THE High Court ruled yesterday that the Government cannot use the Protection from Harassment Act to make socio-political blog The Online Citizen (TOC) take down statements on its site made by a doctor against the Ministry of Defence (Mindef).
Judicial Commissioner See Kee Oon overturned an earlier decision by a district court that had ruled in favour of the Government and ordered that the statements could be published only if they came with a clarification note that they have been declared false by the courts.
The case turned on the legal question of whether the Government can be considered a "person" under the Act, which came into force last November to protect people from harassment and stalking and to provide remedies for victims of false statements.
In the current case, the Attorney-General's Chambers (AGC) had invoked the Act against Ting Choon Meng, co-founder of medical device firm MobileStats Technologies.
MobileStats had sued the Government for patent infringement, claiming that Mindef had copied its concept of a mobile emergency medical station. But the firm dropped its claim in January last year, citing financial difficulties.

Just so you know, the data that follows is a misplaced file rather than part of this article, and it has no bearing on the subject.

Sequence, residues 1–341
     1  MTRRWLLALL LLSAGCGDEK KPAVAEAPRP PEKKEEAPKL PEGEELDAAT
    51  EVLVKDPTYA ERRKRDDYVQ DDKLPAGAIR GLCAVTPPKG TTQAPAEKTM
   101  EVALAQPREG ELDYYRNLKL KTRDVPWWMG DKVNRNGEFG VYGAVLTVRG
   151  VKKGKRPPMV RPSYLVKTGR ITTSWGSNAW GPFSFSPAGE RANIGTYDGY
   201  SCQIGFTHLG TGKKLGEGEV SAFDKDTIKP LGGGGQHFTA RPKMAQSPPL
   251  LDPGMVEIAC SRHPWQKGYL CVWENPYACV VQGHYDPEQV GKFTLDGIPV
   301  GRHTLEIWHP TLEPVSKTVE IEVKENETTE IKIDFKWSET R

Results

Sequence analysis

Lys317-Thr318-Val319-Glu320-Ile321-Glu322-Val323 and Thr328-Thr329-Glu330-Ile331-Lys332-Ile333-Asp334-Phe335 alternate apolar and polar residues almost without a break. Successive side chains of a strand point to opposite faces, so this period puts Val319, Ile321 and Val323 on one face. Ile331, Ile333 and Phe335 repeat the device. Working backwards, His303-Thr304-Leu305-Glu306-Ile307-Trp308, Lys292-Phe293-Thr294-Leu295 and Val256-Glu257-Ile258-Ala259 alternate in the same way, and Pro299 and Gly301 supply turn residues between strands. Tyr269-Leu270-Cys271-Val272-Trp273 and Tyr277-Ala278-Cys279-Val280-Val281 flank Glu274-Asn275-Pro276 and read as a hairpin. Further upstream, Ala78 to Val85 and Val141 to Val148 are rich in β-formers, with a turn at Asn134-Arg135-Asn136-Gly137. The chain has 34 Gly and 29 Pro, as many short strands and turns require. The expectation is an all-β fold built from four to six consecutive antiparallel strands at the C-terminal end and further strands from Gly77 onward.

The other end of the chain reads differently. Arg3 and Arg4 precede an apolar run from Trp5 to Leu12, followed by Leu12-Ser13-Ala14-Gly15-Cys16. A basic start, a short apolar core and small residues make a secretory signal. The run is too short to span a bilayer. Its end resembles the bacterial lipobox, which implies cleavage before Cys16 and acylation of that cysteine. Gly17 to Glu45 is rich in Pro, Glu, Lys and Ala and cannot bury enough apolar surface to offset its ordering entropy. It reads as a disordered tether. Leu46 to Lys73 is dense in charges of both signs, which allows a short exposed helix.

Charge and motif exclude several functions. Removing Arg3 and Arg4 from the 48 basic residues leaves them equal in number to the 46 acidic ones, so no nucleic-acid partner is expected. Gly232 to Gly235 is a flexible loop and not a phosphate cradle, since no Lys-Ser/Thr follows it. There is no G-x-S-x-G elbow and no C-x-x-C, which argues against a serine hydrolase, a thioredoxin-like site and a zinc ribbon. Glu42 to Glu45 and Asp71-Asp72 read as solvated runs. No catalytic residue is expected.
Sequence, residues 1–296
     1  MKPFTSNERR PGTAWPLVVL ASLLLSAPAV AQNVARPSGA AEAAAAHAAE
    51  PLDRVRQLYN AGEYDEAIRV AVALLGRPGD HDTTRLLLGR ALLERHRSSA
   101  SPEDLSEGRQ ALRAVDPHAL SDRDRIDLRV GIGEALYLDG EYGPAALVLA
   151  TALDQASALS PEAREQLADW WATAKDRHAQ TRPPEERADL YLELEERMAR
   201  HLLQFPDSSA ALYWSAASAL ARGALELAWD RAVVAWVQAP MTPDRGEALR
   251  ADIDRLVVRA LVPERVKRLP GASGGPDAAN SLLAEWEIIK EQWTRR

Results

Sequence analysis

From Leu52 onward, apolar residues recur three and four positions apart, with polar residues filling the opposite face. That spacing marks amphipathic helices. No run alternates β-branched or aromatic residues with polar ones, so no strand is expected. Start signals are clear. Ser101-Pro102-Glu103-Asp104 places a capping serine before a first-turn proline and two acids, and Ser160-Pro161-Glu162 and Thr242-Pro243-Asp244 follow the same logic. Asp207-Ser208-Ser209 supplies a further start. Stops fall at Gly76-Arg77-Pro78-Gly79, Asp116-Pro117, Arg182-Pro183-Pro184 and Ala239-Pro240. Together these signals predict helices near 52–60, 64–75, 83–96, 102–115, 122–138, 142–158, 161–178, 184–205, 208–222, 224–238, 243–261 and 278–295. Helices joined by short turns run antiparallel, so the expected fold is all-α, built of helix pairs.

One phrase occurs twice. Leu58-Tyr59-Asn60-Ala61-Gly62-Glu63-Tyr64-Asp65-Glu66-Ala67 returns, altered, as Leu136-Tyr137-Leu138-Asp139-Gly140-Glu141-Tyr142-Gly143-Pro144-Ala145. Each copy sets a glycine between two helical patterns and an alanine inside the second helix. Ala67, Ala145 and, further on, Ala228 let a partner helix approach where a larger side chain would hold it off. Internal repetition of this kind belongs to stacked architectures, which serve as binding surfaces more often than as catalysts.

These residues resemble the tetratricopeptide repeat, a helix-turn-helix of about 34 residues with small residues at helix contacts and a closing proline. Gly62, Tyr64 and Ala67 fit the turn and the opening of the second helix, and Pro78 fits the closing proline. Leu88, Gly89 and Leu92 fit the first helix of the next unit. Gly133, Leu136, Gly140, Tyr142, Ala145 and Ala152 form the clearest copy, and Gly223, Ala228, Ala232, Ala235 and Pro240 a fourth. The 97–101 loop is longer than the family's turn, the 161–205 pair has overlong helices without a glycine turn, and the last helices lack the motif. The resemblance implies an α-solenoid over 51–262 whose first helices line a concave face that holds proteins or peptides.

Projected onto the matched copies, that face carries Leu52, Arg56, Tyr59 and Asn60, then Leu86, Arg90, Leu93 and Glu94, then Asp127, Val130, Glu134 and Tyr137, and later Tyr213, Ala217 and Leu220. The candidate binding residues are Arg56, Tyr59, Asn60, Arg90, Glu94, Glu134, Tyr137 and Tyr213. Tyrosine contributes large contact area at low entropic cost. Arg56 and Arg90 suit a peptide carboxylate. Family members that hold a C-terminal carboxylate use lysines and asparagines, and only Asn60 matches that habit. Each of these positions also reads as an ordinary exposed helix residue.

In January this year, TOC posted an interview with Dr Ting about the case.
The AGC sent a cease-and-desist letter to Dr Ting, asking him to stop making false statements about Mindef. When Dr Ting and TOC refused to take down the statements, the AGC applied for a court order under Section 15 of the Act to have them taken down.
Mindef took issue with Dr Ting's statements that it had knowingly copied his concept and that it was trying to wear him down financially.
But lawyers Eugene Thuraisingam, who acted for the five individuals running TOC, and Choo Zheng Xi, who acted for Dr Ting, argued that Mindef is not entitled to invoke the provision.
In May, a district judge found that the statements made by Dr Ting were false and granted the AGC's application. Dr Ting and TOC appealed.
Yesterday, JC See allowed their appeal on the basis that the Government is not a "person" for the purpose of the provision and therefore cannot start legal actions against the appellants.
Mr Thuraisingam and Mr Choo told The Straits Times that although they won the appeal, they did not seek costs against the AGC as the case involved a novel point of law of public interest, which will impact a significant number of people.
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